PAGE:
during forfeiture phase); Hatfield, 2010 WL 4177159, at *6 (" [T]he Government can also seek forfeiture of proceeds derived from 'uncharged executions' of Defendants' fraudulent schemes . . . And this even includes the proceeds of 'acquitted conduct,' if the Government can now prove these violations by a preponderance of the evidence." ) (internal citations omitted); but see United States v. Maye, No. 08-CR-194S, 2014 WL 1671506, at *3-4 (W.D.N.Y. Apr. 23, 2014) (declining to consider acquitted conduct when calculating forfeiture because the government alleged discrete violations of a statute that did not criminalize a scheme, conspiracy, or enterprise, and the defendant was acquitted on the conspiracy charge); Kahale, 2010 WL 3851987, at *30 (while the general rule is that a defendant cannot be ordered to forfeit funds which are proceeds of uncharged or acquitted conduct, " where an indictment charges a conspiracy or scheme to defraud, the proceeds of uncharged or acquitted conduct may become forfeitable because the government may be able to prove that money 'involved in the uncharged or acquitted [conduct] nevertheless constituted the proceeds of, or was traceable to, or was involved in, the [conspiracy or scheme to defraud] crime of conviction.'" ) (alterations in original) (citation omitted).
In the context of 18 U.S.C. § 982(a)(7), the court's decision in Adegboye, 2011 WL 5025531, is on point. In that case, the court entered a personal money judgment against the defendants convicted of health care fraud in the amount of $299,694, representing the amount of the gross proceeds of the health care fraud scheme received from Medicare, even though specific losses for the counts on which the defendants were convicted only amounted to $16,094.80 and even though the defendants were acquitted of the conspiracy count in the indictment. Id. at *3.
Here Defendant was charged with an overall scheme to defraud BCBS. Even though Defendant was acquitted of the specific execution of the scheme charged in count 4, the Court concludes that it may consider the conduct at issue in count 4 if it finds that the Government has proven by a preponderance of the evidence fraud related to the Ferrucci family that was part of the overall scheme.
b. The Evidence Pertaining to Count 4
Count 4 of the indictment charged Defendant with health care fraud related to the Ferrucci family -- specifically Mario Ferrucci, his wife Kimberly, and his daughter Ariana. The indictment alleged that Defendant fraudulently submitted claim forms for 117 outpatient individual psychotherapy sessions billed under the CPT code 90808, when such services were not rendered. By reason of the finding of not guilty on this count, the jury determined that the Government had failed to prove this conduct beyond a reasonable doubt.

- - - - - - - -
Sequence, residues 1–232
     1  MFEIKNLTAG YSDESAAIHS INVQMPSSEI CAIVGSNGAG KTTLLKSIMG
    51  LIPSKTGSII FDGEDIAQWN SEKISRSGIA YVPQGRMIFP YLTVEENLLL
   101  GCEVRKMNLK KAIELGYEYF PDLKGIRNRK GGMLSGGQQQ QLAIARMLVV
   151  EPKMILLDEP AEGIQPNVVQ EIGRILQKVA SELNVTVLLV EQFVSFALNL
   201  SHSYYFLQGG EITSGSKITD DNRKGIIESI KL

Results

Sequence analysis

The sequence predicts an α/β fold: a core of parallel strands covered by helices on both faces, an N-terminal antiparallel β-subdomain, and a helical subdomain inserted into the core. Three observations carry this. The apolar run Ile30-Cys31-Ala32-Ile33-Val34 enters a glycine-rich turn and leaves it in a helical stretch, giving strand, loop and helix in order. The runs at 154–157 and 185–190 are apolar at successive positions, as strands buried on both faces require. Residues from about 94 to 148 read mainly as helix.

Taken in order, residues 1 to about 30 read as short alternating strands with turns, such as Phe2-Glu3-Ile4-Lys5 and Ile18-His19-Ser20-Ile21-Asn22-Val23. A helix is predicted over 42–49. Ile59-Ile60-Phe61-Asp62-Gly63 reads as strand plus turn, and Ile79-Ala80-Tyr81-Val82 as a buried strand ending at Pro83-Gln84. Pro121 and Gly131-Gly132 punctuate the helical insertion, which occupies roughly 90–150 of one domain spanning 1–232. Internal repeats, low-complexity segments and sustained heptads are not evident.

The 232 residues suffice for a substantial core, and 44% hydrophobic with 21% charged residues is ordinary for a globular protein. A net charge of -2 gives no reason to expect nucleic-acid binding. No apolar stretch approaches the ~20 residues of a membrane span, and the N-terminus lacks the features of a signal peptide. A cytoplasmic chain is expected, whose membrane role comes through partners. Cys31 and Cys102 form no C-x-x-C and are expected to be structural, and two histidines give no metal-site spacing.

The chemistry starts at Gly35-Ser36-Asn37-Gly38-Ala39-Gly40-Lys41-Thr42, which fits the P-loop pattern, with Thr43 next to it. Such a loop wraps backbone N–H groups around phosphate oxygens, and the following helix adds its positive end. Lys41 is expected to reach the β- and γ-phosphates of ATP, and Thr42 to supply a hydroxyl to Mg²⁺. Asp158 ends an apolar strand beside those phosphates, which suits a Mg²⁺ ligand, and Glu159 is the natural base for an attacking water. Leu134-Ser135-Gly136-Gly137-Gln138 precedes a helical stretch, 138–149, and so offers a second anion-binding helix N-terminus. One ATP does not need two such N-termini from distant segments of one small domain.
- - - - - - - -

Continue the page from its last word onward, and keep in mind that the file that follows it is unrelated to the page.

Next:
However, notwithstanding the jury's verdict of not guilty on count 4, the Court concludes that the evidence presented at trial fully supports a finding under a preponderance of the evidence standard that Defendant engaged in health care fraud with respect to charges submitted to BCBS for services allegedly rendered to the Ferrucci family. Indeed, based upon the totality of the evidence presented at trial, it is apparent that Defendant's conduct with respect to the Ferrucci family was simply part of her underlying scheme to defraud BCBS by submitting inflated charges for counseling services under CPT code 90808.
Mario Ferrucci testified that he began seeing Defendant for individual counseling in 2006 or 2007 (Tr. 279-80), and that he typically met with Defendant for 45 minute
sessions (Tr. 280). Mr. Ferrucci testified that he never saw Defendant for 75 to 80 minute sessions. (Tr. 280-81). Mr. Ferrucci testified that there came a time that he began seeing Defendant with his wife Kimberly, and that the typical practice involved him first meeting with Defendant " between 30 minutes and 45" and then his wife would meet with Defendant for a similar period of time individually, and then they would meet with Defendant together at the end of the session, with the total session lasting " usually no more than an hour." (Tr. 282-83). Although it is possible to conclude based upon this testimony that there were occasions where the length of Defendant's entire session with Mr. and Mrs. Ferrucci lasted longer than one hour, Mr. Ferrucci was very clear during his testimony that he did not meet with Defendant alone for 75 to 80 minutes, followed by his wife meeting with Defendant alone for 75 to 80 minutes. (Tr. 284-85).
Government Exhibit 10 reflects a total of almost $3,000 charged by Defendant to BCBS under CPT code 90808 for 35 separate individual sessions allegedly held with Mr. Ferrucci. Moreover, on at least 13 of those occasions, Defendant also submitted a charge to BCBS under CPT code 90808 for an individual session allegedly held with Mrs. Ferrucci on the same date. ( See Government Exhibit 10). In other words, Defendant submitted charges to BCBS claiming that she had met with Mr. Ferrucci and Mrs. Ferrucci separately for 75 to 80 minute individual sessions on 13 separate occasions (i.e., for a total of over two hours on those dates).